I have been watching Dorian for a week now ever since it left Africa. There are a few dozen different spaghetti models only one hits Orlando. Most end up hitting near Jacksonville.

I seldom put much faith in the "Spaghetti Model" approach.

Though probabilities, based on the Storm force Wind Speed Probabilities charts tend to give a good idea where things are going.

The highest probabilities at the moment suggest folks in the area from Melbourne to the Palm Beaches should re-think their Labor Day plans.
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John From Detroit

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Re: Hurricane Dorian
« Reply #15 on: August 29, 2019, 08:12:42 AM »
About the politics.. Well the Weather folks once burned do tend to be more shall we say Cautious (Liberal with the warnings). but that's not politics that is nature (Once bitten twice shy as they say) I've seen it with tornados  ALL CLEAR. followed by 7 Tornados, followed by "Tornado watch" every time it rained.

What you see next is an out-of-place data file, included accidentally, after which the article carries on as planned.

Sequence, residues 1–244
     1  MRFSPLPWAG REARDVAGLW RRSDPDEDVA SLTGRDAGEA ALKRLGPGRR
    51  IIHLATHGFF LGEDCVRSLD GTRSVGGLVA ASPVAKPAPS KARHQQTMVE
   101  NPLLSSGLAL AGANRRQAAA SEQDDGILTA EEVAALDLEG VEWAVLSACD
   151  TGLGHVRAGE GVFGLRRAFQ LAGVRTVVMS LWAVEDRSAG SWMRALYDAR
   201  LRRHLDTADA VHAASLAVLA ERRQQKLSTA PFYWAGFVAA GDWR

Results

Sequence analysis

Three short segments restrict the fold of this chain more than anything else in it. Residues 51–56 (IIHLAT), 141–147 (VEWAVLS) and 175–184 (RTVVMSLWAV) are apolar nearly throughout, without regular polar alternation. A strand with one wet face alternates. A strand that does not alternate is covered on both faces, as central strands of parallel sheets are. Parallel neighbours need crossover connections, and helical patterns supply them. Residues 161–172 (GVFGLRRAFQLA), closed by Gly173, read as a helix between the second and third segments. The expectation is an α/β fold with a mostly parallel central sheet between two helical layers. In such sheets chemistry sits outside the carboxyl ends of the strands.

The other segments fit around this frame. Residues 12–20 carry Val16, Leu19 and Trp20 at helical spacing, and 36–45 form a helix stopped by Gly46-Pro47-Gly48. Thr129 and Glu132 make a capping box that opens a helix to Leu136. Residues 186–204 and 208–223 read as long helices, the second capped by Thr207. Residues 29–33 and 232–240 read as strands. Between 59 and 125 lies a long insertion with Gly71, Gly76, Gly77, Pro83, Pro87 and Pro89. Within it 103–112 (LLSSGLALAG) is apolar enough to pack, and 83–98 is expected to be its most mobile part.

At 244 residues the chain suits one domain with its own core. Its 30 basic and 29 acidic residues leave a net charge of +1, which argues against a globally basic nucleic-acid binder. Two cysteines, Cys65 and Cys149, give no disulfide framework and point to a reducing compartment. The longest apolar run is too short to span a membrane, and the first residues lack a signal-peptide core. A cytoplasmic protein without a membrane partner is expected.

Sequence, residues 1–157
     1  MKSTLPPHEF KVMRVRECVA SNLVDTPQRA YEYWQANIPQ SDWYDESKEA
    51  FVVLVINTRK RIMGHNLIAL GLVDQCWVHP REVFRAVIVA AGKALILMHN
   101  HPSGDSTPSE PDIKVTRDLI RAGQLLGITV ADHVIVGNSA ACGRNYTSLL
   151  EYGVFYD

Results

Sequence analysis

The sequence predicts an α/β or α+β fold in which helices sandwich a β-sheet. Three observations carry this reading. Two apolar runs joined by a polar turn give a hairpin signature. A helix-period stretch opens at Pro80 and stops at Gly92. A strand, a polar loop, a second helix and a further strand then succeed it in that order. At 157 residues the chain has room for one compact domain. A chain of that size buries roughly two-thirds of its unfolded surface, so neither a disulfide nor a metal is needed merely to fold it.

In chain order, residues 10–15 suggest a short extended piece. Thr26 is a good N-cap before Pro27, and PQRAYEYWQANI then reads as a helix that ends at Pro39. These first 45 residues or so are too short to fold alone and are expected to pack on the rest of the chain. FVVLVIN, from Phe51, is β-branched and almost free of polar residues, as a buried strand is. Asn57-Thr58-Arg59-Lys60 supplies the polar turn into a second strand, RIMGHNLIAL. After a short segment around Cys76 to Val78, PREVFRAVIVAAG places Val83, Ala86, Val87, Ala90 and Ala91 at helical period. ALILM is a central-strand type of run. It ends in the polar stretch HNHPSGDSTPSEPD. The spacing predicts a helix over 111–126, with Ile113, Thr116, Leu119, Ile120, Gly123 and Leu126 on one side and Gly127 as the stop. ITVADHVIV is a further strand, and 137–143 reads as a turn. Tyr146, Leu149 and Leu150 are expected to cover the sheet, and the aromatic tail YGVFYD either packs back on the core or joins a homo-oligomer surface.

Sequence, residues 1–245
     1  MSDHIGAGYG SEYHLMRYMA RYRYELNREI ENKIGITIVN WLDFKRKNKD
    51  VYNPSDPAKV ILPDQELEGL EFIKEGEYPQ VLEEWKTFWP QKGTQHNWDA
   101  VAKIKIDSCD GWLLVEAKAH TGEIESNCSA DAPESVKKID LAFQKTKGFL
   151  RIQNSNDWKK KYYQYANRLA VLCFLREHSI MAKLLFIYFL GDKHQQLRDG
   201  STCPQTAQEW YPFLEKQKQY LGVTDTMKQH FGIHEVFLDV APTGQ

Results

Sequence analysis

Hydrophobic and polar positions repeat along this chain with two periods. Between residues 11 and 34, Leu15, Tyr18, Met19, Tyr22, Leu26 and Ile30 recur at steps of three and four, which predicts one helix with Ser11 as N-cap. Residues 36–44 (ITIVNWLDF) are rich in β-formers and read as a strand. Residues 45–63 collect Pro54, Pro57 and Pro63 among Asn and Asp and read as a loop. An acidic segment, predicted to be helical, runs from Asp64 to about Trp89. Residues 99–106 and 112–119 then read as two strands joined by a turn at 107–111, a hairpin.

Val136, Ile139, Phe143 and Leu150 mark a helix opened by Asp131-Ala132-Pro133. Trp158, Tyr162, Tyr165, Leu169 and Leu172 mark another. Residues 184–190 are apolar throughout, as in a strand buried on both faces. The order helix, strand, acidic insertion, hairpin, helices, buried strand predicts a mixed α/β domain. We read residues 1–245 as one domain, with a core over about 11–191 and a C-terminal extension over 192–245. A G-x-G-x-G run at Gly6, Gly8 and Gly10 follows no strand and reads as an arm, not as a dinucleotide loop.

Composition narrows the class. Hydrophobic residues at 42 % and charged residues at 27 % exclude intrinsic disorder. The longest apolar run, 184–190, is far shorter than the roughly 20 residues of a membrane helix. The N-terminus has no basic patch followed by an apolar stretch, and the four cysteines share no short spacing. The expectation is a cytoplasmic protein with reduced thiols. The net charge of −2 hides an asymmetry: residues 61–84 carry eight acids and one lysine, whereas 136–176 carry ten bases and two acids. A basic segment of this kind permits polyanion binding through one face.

The real politics of this mess has me ticked to the point I'm not going to comment further because this is not a political forum..

Oh the final outcome of the ALL CLEAR - 7 Tornados was a good thing.. Sky Warn. A large group of TRAINED weather spotters who track storms and storm conditions so as you get warned with Mr. Tornado is approaching.. 
Nothing adds excitement like something that is none of your business
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Oldgator73

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Re: Hurricane Dorian
« Reply #16 on: August 29, 2019, 08:29:46 AM »
We have experienced almost every type of natural disaster. Hurricanes, tornadoes, earthquakes, floods, forest fires, droughts, blizzards, extreme heat (120F), extreme cold (-50F). You just have to be prepared. I donít think the weather folks are driven by politics. I think they are just being cautious. They would much rather tell you the worst is going to happen and then nothing does than tell you not to worry and your area gets blown off the map.